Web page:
Waking Up Is A Weird Way To Die
Okay, it’s crunch time. Nitros have been a hit and miss game in my book, with Left Hand Brewing offering me one win and one fail so far. The Nitro Milk Stout, covered earlier was surprising in the way in which it delivered a fuller body to an otherwise tame milk stout. The Sawtooth American Ale Nitro however, which I sampled last week on a radio spot you can find here, fell utterly flat resulting in everyone at the table opting for a drain pour. So, let us now see if this Russian Imperial Nitro can save the day.
Beginning with the standard hard pour that all nitros require, this Russian Imperial clouds up beautifully, with the foam head remaining at just the right quarter to half inch I want and the haze beneath swirling like a beautiful storm. Flat black in appearance, save for the off-white head, this stout looks to be the real deal. Taking in a sniff, rich notes of malt and subtle hints of coffee waft through the nose.
And it is rich. Very rich. At 10% ABV, the rich creamy flavor of this brew, which is seemingly exacerbated by the nitro spirit itself, blends together a profile of cream, light chocolate notes, even lighter coffee and a malt body that is superb, all while masking any real substantial traces of heavy boozy nature. Feeling rich and creamy in respect to mouthfeel, the brew possesses an altogether decadent feel to it, balancing the harder hitting aspects of an imperial stout with the mellowing qualities of nitro in what is a rather impressive manner.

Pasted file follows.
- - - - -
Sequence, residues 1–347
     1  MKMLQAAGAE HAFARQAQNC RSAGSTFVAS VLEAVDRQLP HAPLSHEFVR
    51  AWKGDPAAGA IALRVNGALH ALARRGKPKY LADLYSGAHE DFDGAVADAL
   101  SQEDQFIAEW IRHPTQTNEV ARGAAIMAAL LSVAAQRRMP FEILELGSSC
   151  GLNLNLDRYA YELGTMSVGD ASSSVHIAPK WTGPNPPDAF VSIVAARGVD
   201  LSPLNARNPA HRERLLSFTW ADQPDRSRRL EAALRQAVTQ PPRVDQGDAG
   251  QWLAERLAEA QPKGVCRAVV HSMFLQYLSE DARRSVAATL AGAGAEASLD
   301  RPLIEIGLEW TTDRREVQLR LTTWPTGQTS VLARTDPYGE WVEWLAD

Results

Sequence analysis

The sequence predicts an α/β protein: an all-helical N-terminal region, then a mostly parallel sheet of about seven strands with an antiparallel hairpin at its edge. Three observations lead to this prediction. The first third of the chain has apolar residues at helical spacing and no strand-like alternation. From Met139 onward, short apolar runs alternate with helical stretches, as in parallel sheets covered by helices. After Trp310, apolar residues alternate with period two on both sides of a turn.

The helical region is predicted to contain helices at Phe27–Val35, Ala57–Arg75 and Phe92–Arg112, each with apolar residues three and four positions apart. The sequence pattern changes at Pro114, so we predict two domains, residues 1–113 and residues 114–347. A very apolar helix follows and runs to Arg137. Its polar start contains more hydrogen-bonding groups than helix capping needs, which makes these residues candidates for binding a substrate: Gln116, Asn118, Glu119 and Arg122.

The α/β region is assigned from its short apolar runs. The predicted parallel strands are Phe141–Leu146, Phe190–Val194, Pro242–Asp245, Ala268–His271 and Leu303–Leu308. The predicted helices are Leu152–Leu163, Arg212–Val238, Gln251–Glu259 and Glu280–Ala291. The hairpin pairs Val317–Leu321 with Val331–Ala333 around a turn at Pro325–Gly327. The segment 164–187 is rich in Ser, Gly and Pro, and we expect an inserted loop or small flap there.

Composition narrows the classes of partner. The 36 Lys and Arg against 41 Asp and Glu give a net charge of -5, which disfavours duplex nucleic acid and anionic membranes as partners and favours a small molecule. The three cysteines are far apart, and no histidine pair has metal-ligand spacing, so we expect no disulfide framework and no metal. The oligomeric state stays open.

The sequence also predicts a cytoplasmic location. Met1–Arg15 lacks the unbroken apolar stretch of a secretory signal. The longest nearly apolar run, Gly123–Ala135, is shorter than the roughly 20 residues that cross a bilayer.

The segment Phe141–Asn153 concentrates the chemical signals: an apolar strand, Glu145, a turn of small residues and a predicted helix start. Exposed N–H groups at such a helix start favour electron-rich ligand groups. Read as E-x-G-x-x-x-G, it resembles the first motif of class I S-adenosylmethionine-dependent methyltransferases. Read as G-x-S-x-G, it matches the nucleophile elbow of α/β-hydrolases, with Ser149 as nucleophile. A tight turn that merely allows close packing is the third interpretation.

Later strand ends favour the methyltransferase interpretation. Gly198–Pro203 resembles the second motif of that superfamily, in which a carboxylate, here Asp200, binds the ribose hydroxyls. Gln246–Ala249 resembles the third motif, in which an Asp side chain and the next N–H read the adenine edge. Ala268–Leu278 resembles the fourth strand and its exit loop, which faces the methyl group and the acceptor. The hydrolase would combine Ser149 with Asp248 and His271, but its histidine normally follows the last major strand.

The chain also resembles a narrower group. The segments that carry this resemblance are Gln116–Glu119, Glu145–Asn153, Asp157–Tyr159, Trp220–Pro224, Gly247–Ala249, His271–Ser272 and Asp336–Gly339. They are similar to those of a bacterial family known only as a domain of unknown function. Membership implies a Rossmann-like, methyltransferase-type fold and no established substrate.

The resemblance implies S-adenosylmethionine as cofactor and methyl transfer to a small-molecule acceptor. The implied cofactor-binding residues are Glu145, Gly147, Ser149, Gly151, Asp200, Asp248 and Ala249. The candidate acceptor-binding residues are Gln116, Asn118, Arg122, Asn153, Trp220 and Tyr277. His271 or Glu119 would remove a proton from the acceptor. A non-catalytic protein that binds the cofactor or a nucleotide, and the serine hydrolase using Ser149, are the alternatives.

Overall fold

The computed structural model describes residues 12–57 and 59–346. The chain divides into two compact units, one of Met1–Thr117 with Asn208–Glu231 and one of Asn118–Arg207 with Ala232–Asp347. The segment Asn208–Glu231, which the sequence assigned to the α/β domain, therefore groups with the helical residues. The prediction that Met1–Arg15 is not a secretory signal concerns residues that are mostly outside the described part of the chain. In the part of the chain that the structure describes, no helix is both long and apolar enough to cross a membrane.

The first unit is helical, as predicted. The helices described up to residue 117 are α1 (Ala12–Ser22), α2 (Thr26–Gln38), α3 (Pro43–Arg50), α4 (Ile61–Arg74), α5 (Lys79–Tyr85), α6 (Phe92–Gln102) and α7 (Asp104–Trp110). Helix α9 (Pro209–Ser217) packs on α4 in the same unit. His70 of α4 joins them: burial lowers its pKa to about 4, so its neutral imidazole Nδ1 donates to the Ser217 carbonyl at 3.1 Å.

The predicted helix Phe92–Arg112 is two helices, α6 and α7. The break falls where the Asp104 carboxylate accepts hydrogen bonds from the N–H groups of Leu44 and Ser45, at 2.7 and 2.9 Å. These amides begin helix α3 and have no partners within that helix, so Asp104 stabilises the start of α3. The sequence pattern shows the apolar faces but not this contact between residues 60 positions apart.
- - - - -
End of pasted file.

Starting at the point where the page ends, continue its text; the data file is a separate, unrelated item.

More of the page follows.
I am so very distrusting of nitros. So much so, this one sat in my fridge for upwards of two weeks before I finally decided to give it a go. And so with this one, as with the previous milk stout nitro review, I’m tempted to say that, at least in bottle form, nitros require a certain weight and richness to the brews they go into, in order to work right.
With Old Speckled Hen, The Sawtooth and even the Old Chub nitro, the plying of this gassy addition to what are English pub ales, American ales and Scotch ales respectively, always seems to nullify whatever enjoyable aspects they may contain. This of course, speaking only of the bottle format, as it was some months ago during a beer dinner that while sampling the Old Chub Scotch Ale nitro on draft, I found it simply amazing. However in bottles, it would seem as though the best format for such a style is that of the stout and its weighty darker nature.
In this particular stout, as with the milk stout, I find that the nitro actually adds to the brew, rather than detracts. Though slightly mellowing in some respects, such as with the alcohol burn that a 10% brew would be expected to carry, it adds something of a lofty, creamy enhancement that might otherwise not be present. Having held an otherwise suspicious if not scornful opinion of nitros thus far, Left Hand Brewing has – by virtue of their stouts – given me cause to reconsider my position on the matter.
Now if you’ll excuse me, I have to finish my beer.
While the brewery may have provided the product mentioned above for free, I was not required to write a positive review, I did not receive any monetary compensation, and the honest opinions I have expressed are my own.
Nicholas Goroff is an actor, writer and craft beer reviewer at EveryJoe.com. Certified as a Cicerone beer server, he is working towards obtaining certification as a beer judge while employed at Bert’s Better Beers in Hooksett, NH. When not reviewing beer, wine and spirits, he is typically writing political essays, screenplays and short fiction. Follow him on Twitter @wizardofcause.
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